My daughter told me the other day that with her permission her soon-to-be ten year old googled her own name.  To our shock and amazement, my blog and every picture I have posted of her on it came up.  I have not ever used her whole name.  This has been rather disconcerting to all of us and may serve as a matter of information to those of you who post pictures of your children and grands.  I am going to think twice before posting pictures of them in the future.

Monday, September 26, 2016

Paul Murray The Artist and His Gatlinburg Home

“I’m trying to capture the last flicker of light of the past, the character and depth of the people of yesterday. I don’t know what an artist’s job is exactly. I do know I’m trying to capture something that is almost lost – fading fast.”
~ Paul Murray
We had rented a cabin in the "Arts & Crafts" region of Gatlinburg, thinking it would be an interesting place to anchor and because we don't enjoy the tourist-ie sections.  And we were not disappointed.
It is sad that many of those 100 craftsmen are no longer there and the shops are empty.  Many of the crafts characteristic of this area are now a lost art as they have not been passed down.  But, we did find many galleries and shops that were delightful.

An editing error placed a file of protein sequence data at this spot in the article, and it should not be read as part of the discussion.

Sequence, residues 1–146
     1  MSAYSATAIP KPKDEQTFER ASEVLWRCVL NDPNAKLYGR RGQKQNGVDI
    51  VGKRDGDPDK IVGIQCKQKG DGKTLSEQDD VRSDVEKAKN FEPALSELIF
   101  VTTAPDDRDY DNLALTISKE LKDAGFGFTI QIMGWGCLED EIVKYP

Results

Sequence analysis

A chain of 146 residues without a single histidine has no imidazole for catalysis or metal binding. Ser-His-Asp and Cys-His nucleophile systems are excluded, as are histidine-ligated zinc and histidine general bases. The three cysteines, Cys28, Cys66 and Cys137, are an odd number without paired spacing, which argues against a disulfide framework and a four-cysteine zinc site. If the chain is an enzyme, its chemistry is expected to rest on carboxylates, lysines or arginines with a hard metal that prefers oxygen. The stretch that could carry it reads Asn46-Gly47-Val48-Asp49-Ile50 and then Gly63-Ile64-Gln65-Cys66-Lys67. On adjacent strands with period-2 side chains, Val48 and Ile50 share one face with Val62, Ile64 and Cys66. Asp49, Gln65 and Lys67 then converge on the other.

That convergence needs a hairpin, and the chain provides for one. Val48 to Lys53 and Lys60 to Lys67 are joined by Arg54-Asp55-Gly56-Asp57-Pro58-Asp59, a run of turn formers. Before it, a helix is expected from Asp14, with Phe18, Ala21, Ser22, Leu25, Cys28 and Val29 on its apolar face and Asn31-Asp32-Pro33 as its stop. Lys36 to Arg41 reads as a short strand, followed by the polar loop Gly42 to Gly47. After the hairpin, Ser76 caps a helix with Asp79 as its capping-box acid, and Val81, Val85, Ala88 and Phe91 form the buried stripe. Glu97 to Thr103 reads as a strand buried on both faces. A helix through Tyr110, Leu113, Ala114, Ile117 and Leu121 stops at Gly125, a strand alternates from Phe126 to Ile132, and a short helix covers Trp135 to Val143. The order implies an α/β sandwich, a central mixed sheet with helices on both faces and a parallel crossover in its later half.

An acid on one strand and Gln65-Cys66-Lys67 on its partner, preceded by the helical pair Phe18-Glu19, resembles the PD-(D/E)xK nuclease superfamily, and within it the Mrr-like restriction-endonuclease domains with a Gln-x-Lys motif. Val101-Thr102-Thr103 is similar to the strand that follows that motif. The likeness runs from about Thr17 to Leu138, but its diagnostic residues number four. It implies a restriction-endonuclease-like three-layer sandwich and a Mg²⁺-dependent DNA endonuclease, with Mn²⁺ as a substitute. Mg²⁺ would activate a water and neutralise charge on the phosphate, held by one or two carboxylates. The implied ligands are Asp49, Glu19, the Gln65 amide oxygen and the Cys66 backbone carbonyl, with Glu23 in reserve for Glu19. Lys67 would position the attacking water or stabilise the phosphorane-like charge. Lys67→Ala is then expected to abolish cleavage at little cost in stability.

The artist I am sharing with you today is not a local although you would not know it to see his art or to talk to him.  He is Canadian and spends six months of the year here.  Paul has become completely enmeshed in the Appalachian/rural folk culture and his art is an extension of that love.

On our first drive around the area on Sunday, we saw this old barn and I knew this was a place where I had to return.  I later learned that there have been several wrecks in this curve because of trying to take a picture.  I can understand why and I wasn't driving.
 Before we went back the next day, I did a little research on Paul.  What a fascinating story!
At the age of 10, Paul didn’t find it hard to skip school and walk 12 miles to visit his old hermit friends Joey and his siblings. Even at this young age, Paul was already displaying his work at local art shows, where his paintings and commissions sold.

At age 13, he quit school and dedicated himself to preserving these rare people. When Paul wasn’t on his friend’s homestead learning to make tools by hand and live off the land; he was in the library learning the techniques of the masters. Some of those he studied were Rembrandt, Wyeth and Rockwell.  His works still reflect the techniques of these masters.
An unfinished work of Joseph